United States District Court, D. Nevada
ORDER GRANTING IN PART AND DENYING IN PART THE NORTH
LAS VEGAS DEFENDANTS' MOTION FOR SUMMARY JUDGMENT (ECF
P. GORDON UNITED STATES DISTRICT JUDGE
a civil rights lawsuit brought by plaintiffs Anthony
Mitchell, Linda Mitchell, and Michael Mitchell. The case
arises out of a June 2011 incident involving City of
Henderson police and the City of North Las Vegas Police
Department SWAT team. The Henderson police were called to a
domestic violence incident and responded to non-party Phillip
White's house. White was inside the home with his infant
child. North Las Vegas Police Department SWAT team members
were called to the scene to assist. Officers noticed that
residents in nearby houses, specifically the plaintiffs'
homes, were photographing the police and were believed to be
communicating with White about the police activity. The
officers eventually forced their way into Anthony
Mitchell's home, shot him with pepperball rounds, and
arrested him. They also allegedly unlawfully entered Michael
and Linda Mitchell's home, removed Linda from the home,
searched their car without a warrant, and arrested Michael
without probable cause, among other alleged violations.
plaintiffs settled their claims with the City of Henderson
defendants. ECF No. 108. Thus, the only remaining claims are
against the City of North Las Vegas and its employees,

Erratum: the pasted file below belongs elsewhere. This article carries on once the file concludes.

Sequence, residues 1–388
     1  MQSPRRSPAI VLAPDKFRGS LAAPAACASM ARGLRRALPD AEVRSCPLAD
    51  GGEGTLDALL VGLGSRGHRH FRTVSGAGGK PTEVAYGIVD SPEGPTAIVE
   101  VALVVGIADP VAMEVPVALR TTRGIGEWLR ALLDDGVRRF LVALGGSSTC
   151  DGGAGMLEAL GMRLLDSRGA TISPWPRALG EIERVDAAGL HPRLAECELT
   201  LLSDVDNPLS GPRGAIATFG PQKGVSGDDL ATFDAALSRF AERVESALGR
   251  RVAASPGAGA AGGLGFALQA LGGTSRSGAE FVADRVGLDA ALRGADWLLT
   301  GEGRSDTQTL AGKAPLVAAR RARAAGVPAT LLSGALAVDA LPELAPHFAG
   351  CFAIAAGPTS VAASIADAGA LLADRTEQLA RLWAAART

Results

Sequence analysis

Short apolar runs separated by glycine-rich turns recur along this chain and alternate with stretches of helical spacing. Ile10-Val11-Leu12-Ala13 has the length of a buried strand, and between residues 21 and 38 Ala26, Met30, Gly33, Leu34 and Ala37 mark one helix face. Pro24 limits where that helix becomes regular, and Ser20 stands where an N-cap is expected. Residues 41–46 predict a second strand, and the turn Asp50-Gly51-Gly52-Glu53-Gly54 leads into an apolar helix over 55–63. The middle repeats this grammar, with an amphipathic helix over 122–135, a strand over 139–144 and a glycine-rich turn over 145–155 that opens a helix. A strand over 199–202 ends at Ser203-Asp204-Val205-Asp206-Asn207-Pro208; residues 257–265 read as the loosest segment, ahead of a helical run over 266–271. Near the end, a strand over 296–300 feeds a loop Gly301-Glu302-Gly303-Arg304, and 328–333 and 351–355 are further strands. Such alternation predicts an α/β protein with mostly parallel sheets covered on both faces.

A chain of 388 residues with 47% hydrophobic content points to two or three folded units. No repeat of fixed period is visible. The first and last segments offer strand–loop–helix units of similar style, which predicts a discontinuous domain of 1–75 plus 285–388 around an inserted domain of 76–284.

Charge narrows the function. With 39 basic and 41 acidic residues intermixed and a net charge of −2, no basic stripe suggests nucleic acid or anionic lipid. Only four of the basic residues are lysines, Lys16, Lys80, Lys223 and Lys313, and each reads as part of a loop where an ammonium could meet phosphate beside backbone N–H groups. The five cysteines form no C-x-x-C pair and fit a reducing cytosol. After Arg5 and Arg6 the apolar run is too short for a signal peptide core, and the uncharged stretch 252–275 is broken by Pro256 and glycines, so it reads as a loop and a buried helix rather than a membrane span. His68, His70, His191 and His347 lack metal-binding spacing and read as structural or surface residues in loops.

Michael Waller, Drew Albers, David Cawthorn, Eric Rockwell,
and Travis Snyder (collectively, the NLVPD defendants). The
NLVPD defendants move for summary judgment on Anthony's
claims against them. I grant the motion as to Anthony's
claims for municipal liability and negligent hiring,
training, and supervision, and I deny the rest of the motion.
I also direct the parties to meet and confer about what, if
any, claims that are not addressed in the summary judgment
briefing remain pending.
approximately 7:30 a.m. on July 10, 2011, Phillip White had
an argument with his wife Sussette. ECF No. 119-1 at 7.
According to White, his wife pushed him, ran out of the
house, and called the police. Id. at 7-8, 14.
Sussette told the police that White hit her,  but she also told
the police she did not believe White would harm their
daughter. ECF Nos. 119-3 at 22; 119-2 at 5.
Henderson police officers arrived at the Whites' home at
363 Eveningside Avenue in Henderson. ECF Nos. 111-4 at 12;
119-1 at 5, 7. White answered the door and invited the
officers inside but told them he would not come outside and